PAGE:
For two reasons. One is that the ride aims to promote the conservation of Britain’s first National Park and raises funds for Friends of the Peak District. As a country girl trapped in London I love any opportunity to escape the city and enjoy the countryside on my bike. As a consultant working with clients in the leisure and cultural sector, including strategies for National Parks and Areas of Outstanding Natural Beauty, I focus on the recreation and economic opportunities these places provide, but I am also aware that we cannot take these beautiful places for granted; that public funds to look after them are shrivelling away; and that the pressures on the country’s green lungs are increasing due to unsustainable ways of living and population growth in the surrounding urban areas.
The second reason why I feel strongly compelled to ride the Pure Peak Grit challenge is that it aims to promote the increasing wave of powerful women in endurance sports. There will be 11 of us and I can’t wait to meet and ride with these awesome women:
- Alaina Beacall:Trans Am Bike Racer 2018, multi-talented mastermind of Pure Peak Grit
- Ede Harrison: fastest woman in TransContinental Race 2018
- Angela Walker: TransContinental Racer 2017 and creator of All Points North
- Peta McSharry: is there any ultra race this woman has not done?! and driving force behind getting 2019 women to the 2019 Paris Brest Paris start line
- Lulu Drinkwater: using this challenge as a warm up for this year’s TransContinental Race
- Nicky Shaw: All Points North Racer 2019 and using the 1700km TransAlba Race as a ‘warm up’ for Pure Peak Grit
- Lucy Roebuck: Avid Audaxer and lover of hills (I hope the love will be infectious)
- Sian Lambert: finisher of multiple long distance cycling challenges (including London Edinburgh London) who can swim and run too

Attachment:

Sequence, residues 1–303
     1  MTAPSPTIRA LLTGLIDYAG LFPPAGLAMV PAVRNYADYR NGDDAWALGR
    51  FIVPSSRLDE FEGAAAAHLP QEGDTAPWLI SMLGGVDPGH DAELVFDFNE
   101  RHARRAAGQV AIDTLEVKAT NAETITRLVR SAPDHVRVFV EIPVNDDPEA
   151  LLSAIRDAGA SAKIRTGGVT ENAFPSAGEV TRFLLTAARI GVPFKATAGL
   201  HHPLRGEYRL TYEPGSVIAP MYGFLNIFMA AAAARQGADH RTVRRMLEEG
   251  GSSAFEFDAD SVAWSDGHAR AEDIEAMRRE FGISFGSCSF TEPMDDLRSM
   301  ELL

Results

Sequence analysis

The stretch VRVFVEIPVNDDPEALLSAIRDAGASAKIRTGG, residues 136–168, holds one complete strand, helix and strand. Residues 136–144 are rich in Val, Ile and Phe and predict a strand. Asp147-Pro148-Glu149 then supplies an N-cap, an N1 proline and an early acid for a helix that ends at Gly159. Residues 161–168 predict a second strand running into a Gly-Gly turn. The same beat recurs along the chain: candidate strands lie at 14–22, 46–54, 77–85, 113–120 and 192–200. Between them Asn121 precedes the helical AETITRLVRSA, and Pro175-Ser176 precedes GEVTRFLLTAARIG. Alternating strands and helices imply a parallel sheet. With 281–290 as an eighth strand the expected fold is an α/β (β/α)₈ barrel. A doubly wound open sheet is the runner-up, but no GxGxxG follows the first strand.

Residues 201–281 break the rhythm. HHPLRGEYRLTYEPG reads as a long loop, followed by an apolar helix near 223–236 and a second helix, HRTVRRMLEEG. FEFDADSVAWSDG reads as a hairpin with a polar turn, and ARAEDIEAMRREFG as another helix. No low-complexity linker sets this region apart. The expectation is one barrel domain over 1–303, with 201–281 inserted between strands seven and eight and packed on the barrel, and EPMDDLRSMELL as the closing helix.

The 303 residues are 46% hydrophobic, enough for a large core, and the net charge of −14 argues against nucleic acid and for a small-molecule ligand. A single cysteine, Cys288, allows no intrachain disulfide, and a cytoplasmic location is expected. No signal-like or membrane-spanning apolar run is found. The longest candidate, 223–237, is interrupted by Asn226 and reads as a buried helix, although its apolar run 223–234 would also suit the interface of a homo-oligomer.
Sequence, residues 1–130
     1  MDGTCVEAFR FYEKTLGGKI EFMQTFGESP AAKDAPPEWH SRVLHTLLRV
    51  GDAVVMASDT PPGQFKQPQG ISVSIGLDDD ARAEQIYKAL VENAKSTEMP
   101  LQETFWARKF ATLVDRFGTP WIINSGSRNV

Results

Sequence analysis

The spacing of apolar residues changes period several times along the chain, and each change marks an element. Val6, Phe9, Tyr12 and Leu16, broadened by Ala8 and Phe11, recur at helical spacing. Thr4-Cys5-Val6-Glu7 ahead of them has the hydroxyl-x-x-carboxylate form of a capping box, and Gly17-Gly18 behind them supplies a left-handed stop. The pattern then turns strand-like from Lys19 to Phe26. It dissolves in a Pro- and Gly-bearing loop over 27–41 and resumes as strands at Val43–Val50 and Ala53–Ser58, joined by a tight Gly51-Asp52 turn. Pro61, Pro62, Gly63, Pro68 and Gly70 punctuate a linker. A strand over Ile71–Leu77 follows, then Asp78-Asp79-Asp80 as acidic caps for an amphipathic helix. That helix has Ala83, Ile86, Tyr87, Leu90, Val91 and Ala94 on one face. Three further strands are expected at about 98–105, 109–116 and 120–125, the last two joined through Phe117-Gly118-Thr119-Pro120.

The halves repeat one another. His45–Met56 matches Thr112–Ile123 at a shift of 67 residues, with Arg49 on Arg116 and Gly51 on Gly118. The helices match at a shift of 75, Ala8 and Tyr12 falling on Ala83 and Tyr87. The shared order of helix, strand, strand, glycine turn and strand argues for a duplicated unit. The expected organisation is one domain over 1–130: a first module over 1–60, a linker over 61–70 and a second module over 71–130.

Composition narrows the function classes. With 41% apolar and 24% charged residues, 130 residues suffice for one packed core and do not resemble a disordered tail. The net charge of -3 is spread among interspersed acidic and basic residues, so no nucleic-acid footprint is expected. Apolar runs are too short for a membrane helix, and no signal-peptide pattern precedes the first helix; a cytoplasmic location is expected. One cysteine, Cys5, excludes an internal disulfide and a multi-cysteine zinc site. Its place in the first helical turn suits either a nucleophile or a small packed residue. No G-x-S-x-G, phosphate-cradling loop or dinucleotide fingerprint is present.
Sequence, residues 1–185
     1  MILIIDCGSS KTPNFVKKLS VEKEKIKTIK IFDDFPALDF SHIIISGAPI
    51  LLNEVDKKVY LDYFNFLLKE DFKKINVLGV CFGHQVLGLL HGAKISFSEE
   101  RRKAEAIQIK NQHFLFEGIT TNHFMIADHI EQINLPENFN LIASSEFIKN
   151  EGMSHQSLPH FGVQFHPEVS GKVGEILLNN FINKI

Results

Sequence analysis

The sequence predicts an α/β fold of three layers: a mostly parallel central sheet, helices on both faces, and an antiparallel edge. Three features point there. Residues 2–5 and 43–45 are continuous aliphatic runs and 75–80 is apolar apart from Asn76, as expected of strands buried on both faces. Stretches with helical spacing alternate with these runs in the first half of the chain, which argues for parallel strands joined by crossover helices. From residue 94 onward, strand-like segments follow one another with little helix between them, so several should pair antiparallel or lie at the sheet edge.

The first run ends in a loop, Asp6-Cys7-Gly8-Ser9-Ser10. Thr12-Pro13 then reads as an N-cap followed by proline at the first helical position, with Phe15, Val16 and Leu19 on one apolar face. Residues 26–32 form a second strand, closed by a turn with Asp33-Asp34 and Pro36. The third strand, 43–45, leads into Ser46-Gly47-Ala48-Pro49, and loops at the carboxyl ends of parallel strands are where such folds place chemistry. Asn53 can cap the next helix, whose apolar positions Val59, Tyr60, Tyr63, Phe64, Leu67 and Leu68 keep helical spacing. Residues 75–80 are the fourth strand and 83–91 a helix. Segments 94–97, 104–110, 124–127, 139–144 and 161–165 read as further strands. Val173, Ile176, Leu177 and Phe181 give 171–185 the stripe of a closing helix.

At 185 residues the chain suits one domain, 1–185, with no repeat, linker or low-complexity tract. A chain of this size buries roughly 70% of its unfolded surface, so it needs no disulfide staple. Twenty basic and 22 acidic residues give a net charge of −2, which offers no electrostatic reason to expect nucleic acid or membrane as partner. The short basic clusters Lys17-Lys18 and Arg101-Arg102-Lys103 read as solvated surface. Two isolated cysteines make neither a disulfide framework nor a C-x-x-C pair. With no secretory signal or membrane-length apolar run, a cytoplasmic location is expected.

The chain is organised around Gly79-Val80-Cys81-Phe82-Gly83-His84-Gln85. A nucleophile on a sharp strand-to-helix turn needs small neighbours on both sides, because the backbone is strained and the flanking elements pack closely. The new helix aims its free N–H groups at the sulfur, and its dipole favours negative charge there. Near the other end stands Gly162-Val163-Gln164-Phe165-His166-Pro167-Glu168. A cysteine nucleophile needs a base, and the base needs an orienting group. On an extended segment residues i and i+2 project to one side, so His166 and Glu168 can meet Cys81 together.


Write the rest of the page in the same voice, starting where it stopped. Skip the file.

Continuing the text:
- Alice Thomson: All Points North Racer 2019, keen hill climber and one of the 158 women in the world who have successfully completed an Everesting challenge
- Debs Goddard: Duathlete, triathlete, Ironwoman and Audaxer
Give them all a follow on social media and a virtual cheer or actual cheer if our route happens to pass near your house (route details to follow closer to the event). .
With one weekend in between to regain some strength in my legs, I will then be setting off for France for the final challenge: Tour du Mont Blanc together with partner in hilly crimes Mel Wasley. It will be my very first time riding in the Alps up proper mountains (and descending …)
We could have made things a bit easier by riding the organised cyclo sportive (billed as ‘the world’s toughest one day bike race) the weekend before, but instead we are opting to ride Tour du Mont Blance as a DIY a week later, still aiming to finish the 338km ride through France, Switzerland and Italy with some 8,000m of elevation, within a day.
To make matters somewhat more complicated, we discovered a small overlap, between Bourg-St-Maurice and Beaufort, with the Tour de France stage 20 route which runs from Albertville to Val Thorens and also takes in the Cormet de Roselend…
The Tour goes in the opposite direction to us. The stage will start at 13:45 and they should have passed Bourg-St-Maurice by 15:30, according to the time schedule. If Mel and I start our ride at 5am from Les Houches (where we rented an AirBnB), it will likely be some time between 3pm and 5pm before we have covered the 220-odd ultra lumpy kilometers to Bourg-Saint-Maurice, so hopefully the roads will be re-opened by then, at least to cyclists … If not, we will just have to go with the flow and enjoy the Tour circus for a bit. I can think of worse things!
I may bore you with individual blogs about each of these hilly challenges. I may just do one blog at the end of July. Right now I have no idea whether the title will be “how I learned to love hills” or something more along the lines of “tears and tantrums”. Either way, I hope to give you some insight into how it all went and what I learned. It might also inspire you to challenge yourself and try new things.